October 4, 2007
Committee on Judiciary
U.S. House of Representatives
We are writing to express our support for the principles underlying H.R. 3678, the “Internet Tax Freedom Act Amendments of 2007.” This bipartisan legislation supported by Representatives Conyers and Cannon is a reasonable and practical compromise position at this time.
We support the Conyers-Cannon legislation because it would temporarily extend the Internet Tax Freedom Act (ITFA) for four more years and modernize the overly broad definition of tax-exempt “Internet access” to address the concerns of states and localities. It would also retain the original 1998 grandfather provision, which preserves existing state and local revenues and maintains some general business taxes not intended to be within the moratorium. We also support the bill’s effort to close loopholes in the original 1998 definition by preventing an Internet Service Provider (ISP) from bundling tax-free Internet access with other additional taxable services and then selling this mixed bundle of tax-free and taxable services as tax free.
A temporary extension is needed, rather than a permanent ban, because Internet technology is rapidly improving and it is unwise to lock in a highly discriminatory policy that favors one technology and one industry over others. The last time Congress considered this issue, the main argument for extending the tax moratorium on Internet access was to protect the Internet’s start-up phase, reduce cost obstacles, and help develop and mass-market the technology. Given that today’s Internet is everywhere, there are hundreds of millions of users, and Internet access is technologically advanced, the rationale for a permanent ban is weak. Furthermore, evidence from the nine grandfathered states that charge Internet access taxes and the 14 developed nations that outrank the U.S. in adopting broadband demonstrate that tax policies have little to no impact on either the Internet’s expansion or user access. It is also important to note that when the temporary moratorium last expired, not one state or local government enacted a new tax on internet access. While we think the best possible course would be to let the temporary moratorium expire, H.R. 3678 is a reasonable way to proceed now and is far better than a permanent moratorium.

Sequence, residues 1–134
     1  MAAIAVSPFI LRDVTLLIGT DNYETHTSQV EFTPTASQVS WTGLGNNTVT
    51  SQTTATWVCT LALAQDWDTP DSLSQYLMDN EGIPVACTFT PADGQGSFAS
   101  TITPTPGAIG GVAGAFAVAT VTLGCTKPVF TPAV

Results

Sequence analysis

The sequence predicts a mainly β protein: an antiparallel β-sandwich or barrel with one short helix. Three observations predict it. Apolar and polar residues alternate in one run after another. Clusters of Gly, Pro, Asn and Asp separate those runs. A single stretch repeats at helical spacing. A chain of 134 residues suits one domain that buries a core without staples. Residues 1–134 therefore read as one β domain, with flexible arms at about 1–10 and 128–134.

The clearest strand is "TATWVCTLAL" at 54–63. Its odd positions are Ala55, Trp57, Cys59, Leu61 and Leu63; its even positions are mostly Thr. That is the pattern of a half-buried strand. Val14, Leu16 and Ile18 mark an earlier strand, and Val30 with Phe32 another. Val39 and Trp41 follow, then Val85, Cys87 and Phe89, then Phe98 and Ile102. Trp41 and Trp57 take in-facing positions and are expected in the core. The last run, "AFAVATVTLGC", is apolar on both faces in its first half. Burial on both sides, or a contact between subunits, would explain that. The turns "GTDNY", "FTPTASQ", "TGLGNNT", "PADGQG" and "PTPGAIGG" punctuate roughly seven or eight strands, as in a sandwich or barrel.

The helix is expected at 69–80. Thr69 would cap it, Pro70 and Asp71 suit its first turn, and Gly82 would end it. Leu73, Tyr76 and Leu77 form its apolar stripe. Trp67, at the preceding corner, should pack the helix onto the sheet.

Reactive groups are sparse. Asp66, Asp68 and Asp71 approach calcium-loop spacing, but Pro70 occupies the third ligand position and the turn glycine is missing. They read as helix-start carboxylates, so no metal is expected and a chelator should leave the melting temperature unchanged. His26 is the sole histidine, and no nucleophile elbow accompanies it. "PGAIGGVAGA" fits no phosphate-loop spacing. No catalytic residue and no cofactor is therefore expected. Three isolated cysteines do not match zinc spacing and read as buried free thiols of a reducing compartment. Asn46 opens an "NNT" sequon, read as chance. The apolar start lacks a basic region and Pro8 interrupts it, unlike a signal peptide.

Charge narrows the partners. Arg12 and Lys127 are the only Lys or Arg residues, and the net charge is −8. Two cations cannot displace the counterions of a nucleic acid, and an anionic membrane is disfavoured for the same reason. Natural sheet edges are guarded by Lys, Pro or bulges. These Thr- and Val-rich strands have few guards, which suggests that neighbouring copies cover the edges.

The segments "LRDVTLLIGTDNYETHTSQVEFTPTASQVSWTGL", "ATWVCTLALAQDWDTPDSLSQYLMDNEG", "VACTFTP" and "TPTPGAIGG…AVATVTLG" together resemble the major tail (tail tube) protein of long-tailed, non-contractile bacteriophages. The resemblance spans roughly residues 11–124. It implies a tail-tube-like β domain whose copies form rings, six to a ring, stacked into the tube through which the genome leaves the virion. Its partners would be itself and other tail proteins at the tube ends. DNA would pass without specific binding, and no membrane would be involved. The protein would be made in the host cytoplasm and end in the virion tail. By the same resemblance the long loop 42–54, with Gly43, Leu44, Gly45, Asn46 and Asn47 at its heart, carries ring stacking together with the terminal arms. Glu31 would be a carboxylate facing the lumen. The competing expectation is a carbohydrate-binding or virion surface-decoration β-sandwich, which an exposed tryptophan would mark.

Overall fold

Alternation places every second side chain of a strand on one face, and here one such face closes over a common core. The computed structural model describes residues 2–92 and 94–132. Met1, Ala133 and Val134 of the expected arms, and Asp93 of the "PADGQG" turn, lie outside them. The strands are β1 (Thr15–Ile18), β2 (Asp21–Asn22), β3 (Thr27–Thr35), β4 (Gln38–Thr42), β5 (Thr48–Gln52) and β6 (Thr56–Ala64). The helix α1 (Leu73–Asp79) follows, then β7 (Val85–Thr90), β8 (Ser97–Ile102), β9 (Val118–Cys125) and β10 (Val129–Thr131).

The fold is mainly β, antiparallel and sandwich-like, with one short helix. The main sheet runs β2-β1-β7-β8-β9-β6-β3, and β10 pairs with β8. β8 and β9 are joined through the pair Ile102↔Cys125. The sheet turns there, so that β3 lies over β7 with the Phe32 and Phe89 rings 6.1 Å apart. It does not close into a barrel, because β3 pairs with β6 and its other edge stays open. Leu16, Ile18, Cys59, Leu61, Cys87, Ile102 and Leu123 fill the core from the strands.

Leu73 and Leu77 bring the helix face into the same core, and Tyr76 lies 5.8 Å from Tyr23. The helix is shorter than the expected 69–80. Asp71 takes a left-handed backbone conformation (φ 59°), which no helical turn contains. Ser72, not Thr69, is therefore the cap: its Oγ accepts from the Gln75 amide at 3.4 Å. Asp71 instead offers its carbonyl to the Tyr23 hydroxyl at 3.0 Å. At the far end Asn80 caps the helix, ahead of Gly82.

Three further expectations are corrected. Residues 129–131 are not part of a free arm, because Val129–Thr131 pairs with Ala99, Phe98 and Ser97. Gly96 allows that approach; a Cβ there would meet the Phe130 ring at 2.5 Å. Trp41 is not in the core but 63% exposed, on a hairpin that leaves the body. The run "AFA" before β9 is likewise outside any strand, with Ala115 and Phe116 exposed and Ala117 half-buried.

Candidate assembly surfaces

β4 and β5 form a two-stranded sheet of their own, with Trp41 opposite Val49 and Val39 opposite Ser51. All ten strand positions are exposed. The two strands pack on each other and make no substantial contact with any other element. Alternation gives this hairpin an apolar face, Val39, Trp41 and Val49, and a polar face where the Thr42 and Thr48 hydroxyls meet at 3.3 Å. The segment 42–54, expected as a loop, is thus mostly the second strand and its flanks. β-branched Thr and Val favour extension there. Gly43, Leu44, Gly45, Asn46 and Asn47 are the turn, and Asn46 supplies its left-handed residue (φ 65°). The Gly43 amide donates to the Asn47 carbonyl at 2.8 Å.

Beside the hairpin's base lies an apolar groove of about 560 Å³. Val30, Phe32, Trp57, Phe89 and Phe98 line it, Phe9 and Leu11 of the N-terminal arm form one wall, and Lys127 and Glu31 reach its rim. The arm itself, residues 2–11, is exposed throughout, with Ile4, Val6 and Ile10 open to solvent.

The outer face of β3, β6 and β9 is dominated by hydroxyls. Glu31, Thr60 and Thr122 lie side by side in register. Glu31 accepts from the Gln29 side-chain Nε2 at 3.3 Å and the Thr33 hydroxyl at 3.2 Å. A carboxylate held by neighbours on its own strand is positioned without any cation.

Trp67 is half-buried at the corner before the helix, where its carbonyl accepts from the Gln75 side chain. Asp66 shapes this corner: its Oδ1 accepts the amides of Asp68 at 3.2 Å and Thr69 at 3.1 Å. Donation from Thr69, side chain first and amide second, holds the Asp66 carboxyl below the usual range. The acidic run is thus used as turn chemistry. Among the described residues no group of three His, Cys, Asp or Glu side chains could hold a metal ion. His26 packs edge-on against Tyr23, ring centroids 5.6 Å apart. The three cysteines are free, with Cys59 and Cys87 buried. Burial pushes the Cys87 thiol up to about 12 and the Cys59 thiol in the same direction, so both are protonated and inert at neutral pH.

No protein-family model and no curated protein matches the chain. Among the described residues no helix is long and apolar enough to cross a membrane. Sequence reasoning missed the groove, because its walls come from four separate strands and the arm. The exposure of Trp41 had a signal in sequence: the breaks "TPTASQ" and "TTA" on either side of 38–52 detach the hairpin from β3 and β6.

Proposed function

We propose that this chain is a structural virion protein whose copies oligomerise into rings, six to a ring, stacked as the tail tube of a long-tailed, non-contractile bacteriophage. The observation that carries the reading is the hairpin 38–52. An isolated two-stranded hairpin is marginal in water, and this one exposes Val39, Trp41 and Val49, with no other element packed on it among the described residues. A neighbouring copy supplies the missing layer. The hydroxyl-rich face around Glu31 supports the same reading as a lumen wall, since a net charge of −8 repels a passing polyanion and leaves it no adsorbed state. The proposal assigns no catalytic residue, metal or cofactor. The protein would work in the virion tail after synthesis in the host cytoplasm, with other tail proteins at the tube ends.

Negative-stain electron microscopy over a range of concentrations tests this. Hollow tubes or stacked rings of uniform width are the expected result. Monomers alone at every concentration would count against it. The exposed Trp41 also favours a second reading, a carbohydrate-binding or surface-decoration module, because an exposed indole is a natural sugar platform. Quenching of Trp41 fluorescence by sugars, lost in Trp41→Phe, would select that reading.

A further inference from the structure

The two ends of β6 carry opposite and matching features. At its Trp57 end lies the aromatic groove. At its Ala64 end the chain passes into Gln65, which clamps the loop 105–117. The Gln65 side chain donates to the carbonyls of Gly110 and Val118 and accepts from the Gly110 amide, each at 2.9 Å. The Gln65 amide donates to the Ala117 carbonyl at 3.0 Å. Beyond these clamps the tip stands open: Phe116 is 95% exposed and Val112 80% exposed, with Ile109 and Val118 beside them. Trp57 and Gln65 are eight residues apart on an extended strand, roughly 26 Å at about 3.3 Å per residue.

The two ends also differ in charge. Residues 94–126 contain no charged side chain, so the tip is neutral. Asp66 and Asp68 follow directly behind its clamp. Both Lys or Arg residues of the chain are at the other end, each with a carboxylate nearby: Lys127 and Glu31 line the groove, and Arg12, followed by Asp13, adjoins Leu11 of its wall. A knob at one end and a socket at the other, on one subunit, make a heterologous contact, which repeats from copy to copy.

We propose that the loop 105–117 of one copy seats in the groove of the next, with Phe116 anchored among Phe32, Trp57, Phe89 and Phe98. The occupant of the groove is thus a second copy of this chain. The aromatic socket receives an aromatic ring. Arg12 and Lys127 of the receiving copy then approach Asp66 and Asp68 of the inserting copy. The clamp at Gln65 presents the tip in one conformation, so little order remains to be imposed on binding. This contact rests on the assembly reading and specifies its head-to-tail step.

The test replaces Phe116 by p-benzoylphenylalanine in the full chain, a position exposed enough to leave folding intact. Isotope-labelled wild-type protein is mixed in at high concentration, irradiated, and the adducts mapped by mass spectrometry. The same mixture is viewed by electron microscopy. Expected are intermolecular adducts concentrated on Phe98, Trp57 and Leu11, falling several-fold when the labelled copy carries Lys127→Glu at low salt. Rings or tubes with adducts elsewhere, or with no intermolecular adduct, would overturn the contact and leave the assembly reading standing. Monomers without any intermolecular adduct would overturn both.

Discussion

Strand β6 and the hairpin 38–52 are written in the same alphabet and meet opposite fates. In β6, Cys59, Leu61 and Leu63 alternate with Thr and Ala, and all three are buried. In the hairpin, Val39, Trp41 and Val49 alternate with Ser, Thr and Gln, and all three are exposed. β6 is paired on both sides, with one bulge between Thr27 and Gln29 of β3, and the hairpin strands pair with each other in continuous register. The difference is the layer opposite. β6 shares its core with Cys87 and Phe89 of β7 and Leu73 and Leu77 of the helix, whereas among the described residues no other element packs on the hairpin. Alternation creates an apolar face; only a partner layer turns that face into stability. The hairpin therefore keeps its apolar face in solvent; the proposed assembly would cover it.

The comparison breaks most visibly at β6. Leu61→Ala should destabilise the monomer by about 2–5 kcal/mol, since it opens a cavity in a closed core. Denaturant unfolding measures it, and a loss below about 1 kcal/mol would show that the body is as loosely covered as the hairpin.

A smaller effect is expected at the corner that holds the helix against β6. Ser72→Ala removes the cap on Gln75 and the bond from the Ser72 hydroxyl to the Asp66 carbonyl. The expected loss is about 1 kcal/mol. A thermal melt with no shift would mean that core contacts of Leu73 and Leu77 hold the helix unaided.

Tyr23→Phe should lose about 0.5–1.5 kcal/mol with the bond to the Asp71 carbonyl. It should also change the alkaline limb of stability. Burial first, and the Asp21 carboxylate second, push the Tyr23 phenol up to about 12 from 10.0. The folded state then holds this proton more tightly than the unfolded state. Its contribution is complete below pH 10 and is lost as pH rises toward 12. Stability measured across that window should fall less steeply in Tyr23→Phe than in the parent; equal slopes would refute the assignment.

We strongly oppose any amendments to make ITFA permanent or lengthen a temporary moratorium beyond four years. We strongly oppose amendments to expand the moratorium to cover more than basic Internet access, which would create problematic new loopholes. We also oppose amendments to weaken or eliminate the grandfather clause because this would undermine the sovereign taxing power of states and localities and result in the loss of billions of dollars. We oppose any of these weakening amendments because they would reduce the ability of state and local governments to fund health care, education, public safety and other vital public services. We urge you to oppose these and any other weakening amendments.
We hope you will support efforts to protect state and local governments from the loss of critical revenues, especially when many are suffering declining revenues and struggling to fund vital public services.
American Federation of State, County and Municipal Employees
Communications Workers of America
Service Employees International Union
American Federation of Teachers
Department for Professional Employees, AFL-CIO
National Education Association
Laborers’ International Union of North America
International Association of Fire Fighters
United Food and Commercial Workers Union